“These rate hikes have been large and have come quickly, and it’s likely that their full effect has not been felt by the economy, so there is probably some additional tightening in the pipeline,” he said, adding that the FOMC feels that they need to get the policy “at least to a moderately restrictive level.”
In light of the Feds announcement, several real estate and lending economists have begun weighing in on the potential implications for the market, which has largely seen a cooling effect as mortgage rate surges have exacerbated housing affordability in recent months.
“The housing market has slowed considerably over the past month as rate increases have taken hold,” said Mike Fratantoni, SVP and chief economist for the Mortgage Bankers Association. “We expect that this slower pace will remain through the summer, but buyers could return later this year if the Fed’s plans are better understood by the market and lead to less rate volatility.”
Fratantoni also said the ongoing reduction in the Fed’s balance sheet, including its holdings of MBS, is another factor putting upward pressure on mortgage rates.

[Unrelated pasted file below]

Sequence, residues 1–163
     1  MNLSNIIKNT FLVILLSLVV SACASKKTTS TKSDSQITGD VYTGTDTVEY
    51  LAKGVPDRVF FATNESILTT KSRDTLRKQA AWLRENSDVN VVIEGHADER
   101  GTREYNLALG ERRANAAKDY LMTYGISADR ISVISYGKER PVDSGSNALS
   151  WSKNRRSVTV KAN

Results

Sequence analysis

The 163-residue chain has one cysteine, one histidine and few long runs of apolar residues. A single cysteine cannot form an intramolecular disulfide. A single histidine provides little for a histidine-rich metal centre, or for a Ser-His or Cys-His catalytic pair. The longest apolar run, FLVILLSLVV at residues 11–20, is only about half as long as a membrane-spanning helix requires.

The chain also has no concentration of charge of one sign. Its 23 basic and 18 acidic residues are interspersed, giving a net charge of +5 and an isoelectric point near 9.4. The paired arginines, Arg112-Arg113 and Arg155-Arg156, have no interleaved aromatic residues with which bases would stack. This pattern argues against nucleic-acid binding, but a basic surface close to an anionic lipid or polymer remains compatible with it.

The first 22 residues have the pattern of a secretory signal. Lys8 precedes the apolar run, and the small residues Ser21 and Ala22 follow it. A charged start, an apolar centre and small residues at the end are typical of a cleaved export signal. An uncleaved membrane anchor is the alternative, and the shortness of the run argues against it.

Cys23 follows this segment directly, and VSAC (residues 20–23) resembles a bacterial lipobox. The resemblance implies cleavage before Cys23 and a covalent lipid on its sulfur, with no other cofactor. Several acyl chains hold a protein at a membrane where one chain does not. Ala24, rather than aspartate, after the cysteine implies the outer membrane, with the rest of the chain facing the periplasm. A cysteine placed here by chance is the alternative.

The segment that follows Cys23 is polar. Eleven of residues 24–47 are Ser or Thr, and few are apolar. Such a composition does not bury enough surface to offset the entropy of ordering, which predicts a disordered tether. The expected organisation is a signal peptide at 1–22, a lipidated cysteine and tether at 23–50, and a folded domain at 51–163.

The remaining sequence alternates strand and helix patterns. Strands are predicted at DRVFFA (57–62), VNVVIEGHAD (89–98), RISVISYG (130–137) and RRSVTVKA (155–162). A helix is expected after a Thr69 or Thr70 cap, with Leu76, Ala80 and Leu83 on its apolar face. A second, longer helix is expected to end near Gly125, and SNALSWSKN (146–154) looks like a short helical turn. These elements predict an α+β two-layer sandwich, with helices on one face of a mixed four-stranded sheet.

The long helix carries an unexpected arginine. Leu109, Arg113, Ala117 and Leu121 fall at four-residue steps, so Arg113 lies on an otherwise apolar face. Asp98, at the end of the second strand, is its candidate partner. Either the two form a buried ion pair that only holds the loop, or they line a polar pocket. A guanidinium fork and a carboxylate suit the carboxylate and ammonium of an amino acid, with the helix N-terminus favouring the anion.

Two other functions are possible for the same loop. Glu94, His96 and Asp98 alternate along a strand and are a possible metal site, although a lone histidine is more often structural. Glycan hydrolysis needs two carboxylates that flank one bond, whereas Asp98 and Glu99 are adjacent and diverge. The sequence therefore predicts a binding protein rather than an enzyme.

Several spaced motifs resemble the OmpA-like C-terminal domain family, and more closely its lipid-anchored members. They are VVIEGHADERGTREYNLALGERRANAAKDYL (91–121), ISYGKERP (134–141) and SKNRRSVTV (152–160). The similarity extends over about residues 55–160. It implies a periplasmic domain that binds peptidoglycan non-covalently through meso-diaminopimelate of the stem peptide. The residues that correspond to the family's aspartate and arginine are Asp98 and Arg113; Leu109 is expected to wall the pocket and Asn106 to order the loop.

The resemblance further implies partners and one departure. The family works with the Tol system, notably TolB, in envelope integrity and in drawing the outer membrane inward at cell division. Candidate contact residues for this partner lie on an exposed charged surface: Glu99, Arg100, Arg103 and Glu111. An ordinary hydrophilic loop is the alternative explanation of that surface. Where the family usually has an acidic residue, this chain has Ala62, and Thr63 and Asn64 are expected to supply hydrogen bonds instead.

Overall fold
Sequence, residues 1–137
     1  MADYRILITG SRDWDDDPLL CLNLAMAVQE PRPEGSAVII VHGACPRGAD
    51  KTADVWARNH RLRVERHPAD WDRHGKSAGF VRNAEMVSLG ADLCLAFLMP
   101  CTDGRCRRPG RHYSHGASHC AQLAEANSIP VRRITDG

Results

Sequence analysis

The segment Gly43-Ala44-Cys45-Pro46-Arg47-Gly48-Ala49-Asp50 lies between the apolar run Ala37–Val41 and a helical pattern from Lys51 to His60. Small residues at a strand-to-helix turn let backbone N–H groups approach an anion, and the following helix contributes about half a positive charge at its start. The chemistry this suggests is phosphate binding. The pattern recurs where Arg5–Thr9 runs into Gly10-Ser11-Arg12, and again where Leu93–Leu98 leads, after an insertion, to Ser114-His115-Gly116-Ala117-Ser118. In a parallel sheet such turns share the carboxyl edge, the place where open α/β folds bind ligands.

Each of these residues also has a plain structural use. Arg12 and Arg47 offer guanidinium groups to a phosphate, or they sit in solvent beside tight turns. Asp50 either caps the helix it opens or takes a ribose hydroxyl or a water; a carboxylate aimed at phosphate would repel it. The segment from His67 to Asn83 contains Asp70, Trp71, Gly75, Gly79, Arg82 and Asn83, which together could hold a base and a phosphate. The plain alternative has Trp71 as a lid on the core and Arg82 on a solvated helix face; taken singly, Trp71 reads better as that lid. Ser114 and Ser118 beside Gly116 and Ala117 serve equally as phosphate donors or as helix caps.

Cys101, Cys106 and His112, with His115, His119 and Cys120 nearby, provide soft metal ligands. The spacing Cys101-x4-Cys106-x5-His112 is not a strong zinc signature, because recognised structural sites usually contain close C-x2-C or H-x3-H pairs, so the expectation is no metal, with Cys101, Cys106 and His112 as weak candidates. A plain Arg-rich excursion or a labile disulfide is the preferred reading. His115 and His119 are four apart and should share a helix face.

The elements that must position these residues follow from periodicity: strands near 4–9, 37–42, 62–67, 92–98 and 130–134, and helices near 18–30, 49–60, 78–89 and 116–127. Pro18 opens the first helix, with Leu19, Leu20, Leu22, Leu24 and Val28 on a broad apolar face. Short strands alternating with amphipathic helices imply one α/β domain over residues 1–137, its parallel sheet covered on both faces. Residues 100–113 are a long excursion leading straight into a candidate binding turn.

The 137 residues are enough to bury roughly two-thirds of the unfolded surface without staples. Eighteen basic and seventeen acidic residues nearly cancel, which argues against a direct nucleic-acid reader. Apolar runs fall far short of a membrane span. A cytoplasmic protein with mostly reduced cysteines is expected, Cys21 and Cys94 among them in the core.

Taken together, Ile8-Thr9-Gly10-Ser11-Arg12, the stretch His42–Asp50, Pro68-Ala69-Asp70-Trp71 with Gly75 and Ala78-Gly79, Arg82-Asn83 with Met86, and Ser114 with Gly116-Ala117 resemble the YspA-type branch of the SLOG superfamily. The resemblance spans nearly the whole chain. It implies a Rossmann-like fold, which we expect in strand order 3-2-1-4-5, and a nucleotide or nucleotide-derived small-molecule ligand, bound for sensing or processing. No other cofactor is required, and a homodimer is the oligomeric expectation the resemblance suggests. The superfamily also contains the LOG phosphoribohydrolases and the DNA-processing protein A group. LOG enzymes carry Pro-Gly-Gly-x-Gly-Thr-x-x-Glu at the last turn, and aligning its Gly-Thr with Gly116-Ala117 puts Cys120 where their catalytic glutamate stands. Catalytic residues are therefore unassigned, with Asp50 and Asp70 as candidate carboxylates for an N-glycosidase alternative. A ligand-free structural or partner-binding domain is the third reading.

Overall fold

Ruben Gonzalzs, chief economist for Keller Williams, echoed similar sentiments in a statement, adding that the path for mortgage rates is less well-defined as the Fed continues increasing interest rates.
“Mortgage rates have historically moved closely with 10-year Treasuries; however, over the last several months, the spread between the two has widened by a full percentage point,” he said.
National Association of REALTORS® (NAR) Chief Economist Lawrence Yun argued that further damage to mortgage rates is unlikely despite the large rate hike following Wednesday’s meeting.